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Joe Joyce wrote on 2008-04-23 UTC
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Thank you for the comment. The goal was to design a game that clearly played like chess, that had an essential 'feel' of chess, but was clearly different from FIDE. The king/'general' pieces, attacking all 8 squares around, complement the minor pieces nicely, with all attacking 8 squares unblockably. The 2 major pieces are obviously 'shatranjized' versions of the A and C. As they each attack 16 squares, double the others, but still have the same range of 2, they've made a nice fit with the basic concept. 

But this game is part of a shatranj series; thus the names. They are consistent across the series. [Heh, maybe not good names, but consistent. I admit to a naming disability. I've always thought Minister and High Priestess were good names, clearly analogous to Chancellor and Archbishop, and among my personal best efforts. Others may differ.]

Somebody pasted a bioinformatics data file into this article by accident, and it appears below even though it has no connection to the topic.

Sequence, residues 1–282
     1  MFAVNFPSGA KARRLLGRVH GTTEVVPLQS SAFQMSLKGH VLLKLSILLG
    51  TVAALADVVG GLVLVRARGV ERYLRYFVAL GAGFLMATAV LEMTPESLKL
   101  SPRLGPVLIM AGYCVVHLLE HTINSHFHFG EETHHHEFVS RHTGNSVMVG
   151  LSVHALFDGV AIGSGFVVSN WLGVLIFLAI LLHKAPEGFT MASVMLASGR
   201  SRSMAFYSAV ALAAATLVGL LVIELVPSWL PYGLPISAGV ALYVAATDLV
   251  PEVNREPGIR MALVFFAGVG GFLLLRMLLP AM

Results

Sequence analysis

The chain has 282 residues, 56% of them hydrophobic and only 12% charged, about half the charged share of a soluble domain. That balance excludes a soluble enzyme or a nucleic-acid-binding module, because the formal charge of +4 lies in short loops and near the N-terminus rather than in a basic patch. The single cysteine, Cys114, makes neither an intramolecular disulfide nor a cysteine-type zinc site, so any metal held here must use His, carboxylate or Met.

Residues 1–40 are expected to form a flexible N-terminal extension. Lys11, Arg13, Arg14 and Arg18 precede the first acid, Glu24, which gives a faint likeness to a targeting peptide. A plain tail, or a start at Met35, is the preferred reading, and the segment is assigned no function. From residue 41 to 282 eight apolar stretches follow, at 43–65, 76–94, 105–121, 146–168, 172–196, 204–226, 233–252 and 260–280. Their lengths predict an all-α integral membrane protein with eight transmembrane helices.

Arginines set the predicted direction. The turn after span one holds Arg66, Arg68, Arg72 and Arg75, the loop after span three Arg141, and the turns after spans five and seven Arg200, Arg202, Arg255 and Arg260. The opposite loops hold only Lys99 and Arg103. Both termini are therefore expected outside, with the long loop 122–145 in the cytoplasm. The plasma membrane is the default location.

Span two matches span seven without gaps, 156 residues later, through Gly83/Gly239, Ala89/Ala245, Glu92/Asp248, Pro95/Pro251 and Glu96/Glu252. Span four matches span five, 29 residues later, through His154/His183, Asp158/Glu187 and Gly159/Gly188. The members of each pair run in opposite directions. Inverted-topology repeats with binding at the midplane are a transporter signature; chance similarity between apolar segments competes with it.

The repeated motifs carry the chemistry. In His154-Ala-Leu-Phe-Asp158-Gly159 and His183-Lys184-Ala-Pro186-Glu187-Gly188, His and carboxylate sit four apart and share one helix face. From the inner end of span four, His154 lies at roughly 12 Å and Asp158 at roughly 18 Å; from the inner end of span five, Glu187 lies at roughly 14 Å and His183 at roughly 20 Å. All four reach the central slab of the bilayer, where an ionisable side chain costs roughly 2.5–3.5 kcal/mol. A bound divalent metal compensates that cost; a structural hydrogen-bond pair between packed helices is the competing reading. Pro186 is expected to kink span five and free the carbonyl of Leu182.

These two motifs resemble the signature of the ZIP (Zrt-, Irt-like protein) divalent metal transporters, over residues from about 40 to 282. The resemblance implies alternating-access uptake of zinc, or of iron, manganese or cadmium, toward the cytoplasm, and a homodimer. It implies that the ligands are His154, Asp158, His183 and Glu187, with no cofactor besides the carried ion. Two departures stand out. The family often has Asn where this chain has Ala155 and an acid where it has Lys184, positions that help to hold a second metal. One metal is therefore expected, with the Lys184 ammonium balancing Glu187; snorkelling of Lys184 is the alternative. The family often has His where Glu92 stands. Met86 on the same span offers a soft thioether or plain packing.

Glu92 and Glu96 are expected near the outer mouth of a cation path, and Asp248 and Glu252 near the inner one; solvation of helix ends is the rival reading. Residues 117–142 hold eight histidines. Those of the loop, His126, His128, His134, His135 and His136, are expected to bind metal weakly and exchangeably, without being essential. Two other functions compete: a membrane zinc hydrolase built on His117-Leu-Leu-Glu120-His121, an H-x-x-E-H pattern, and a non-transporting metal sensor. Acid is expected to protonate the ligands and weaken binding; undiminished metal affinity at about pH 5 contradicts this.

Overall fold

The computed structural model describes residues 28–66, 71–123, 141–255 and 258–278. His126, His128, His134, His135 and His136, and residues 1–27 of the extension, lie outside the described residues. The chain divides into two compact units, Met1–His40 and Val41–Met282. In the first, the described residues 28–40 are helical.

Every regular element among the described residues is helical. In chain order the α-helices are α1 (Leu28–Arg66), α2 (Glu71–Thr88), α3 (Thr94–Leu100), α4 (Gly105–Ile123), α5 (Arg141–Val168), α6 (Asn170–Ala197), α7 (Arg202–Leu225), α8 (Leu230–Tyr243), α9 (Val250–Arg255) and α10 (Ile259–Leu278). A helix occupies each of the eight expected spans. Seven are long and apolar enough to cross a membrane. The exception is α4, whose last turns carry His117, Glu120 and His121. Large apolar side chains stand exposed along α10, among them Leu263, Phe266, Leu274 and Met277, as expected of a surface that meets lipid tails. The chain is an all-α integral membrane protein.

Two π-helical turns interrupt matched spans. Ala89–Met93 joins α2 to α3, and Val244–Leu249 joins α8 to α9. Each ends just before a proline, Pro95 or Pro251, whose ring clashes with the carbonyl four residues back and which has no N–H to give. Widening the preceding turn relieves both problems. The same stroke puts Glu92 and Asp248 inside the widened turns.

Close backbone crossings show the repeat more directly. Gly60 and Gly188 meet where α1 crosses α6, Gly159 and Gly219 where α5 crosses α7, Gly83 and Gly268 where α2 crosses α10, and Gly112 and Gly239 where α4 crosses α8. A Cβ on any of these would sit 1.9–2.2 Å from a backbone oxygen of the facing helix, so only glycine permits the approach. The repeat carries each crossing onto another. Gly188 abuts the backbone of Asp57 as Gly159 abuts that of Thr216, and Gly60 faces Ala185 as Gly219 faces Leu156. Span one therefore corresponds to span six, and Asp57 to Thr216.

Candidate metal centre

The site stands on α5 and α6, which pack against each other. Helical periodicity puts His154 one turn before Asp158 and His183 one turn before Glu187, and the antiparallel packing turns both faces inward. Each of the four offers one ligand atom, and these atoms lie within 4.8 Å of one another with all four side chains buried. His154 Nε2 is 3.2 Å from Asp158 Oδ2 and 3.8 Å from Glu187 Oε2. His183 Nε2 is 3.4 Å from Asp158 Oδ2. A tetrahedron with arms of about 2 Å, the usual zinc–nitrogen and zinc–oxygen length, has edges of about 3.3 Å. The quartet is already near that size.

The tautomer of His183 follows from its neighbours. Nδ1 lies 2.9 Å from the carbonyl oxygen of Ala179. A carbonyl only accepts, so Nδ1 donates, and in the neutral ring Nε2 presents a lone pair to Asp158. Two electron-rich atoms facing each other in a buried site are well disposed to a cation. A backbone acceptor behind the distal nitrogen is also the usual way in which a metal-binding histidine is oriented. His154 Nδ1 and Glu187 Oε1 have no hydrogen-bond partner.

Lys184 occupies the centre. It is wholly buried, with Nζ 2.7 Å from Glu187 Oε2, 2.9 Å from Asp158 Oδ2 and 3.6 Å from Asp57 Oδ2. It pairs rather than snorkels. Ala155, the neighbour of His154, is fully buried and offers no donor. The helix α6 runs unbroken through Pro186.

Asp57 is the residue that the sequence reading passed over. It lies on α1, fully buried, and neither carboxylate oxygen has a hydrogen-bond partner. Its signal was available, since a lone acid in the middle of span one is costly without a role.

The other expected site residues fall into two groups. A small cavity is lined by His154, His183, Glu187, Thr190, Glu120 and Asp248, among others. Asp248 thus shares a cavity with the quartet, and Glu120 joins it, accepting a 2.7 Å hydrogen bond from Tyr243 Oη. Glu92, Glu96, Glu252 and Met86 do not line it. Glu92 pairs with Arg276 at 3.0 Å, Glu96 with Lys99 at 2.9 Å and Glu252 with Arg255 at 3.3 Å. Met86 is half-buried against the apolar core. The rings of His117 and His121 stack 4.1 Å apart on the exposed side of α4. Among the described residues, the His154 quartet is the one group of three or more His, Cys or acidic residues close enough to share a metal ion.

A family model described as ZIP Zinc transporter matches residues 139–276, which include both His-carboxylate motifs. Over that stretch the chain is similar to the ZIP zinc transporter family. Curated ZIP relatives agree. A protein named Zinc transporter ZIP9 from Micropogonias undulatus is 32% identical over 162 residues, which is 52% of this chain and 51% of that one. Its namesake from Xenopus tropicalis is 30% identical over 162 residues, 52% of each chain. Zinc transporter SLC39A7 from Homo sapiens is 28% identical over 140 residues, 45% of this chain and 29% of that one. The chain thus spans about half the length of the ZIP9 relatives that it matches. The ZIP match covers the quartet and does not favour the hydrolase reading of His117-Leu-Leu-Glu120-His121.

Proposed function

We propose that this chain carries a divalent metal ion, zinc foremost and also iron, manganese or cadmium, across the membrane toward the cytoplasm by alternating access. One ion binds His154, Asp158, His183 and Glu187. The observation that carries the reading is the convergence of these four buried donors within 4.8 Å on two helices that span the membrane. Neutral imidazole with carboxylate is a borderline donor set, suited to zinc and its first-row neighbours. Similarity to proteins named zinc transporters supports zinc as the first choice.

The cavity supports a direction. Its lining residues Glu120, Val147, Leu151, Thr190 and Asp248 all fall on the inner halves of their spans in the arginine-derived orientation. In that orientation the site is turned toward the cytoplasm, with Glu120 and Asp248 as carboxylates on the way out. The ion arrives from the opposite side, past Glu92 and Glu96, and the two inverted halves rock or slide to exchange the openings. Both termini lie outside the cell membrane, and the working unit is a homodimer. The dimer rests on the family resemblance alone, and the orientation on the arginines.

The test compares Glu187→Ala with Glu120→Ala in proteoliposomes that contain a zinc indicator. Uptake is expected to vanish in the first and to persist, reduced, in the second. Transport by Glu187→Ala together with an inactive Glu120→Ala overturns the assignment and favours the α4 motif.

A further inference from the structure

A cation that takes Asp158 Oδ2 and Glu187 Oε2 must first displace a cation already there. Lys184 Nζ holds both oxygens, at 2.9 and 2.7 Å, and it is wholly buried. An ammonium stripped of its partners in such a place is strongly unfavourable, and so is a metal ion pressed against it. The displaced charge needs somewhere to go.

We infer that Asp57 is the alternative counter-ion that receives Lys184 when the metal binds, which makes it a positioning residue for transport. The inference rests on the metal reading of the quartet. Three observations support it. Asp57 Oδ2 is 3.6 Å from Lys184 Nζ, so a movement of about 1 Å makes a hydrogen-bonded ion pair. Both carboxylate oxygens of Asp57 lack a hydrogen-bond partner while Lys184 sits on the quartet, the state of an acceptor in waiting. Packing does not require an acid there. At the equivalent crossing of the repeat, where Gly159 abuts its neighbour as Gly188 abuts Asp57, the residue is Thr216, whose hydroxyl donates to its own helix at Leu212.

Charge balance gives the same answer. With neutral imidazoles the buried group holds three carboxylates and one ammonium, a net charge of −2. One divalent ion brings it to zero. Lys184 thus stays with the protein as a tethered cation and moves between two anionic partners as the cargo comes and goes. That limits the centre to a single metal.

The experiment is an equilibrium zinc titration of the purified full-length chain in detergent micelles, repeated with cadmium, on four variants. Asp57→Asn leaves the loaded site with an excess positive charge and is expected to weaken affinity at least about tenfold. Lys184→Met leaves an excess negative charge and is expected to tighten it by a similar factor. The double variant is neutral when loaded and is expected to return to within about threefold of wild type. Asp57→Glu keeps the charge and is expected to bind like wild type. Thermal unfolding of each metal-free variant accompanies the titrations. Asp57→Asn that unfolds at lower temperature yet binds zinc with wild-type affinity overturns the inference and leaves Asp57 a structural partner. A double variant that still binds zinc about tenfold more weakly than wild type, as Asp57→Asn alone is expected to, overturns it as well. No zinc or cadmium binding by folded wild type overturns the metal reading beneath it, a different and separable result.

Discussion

Why the bare king rule? Hubris and laziness, mostly. When the final design for this game and its sister game, Grand Shatranj, gelled, I felt it was so obvious that both games were clearly easily and readily playable as is that I posted them without first playtesting them. The bare king rule serves 2 purposes: it gives an air of shatranjness to the games, which I wanted whether or not the games deserve it; it gives me a bail-out against draws in case the games turn out to be very drawish. So far, except for Modern Shatranj, I don't think the series has had a draw, in the admittedly few games of each completed. I guess it serves mostly as window-dressing. But at high-level play, it may well diminish the number of draws. How much is another matter.

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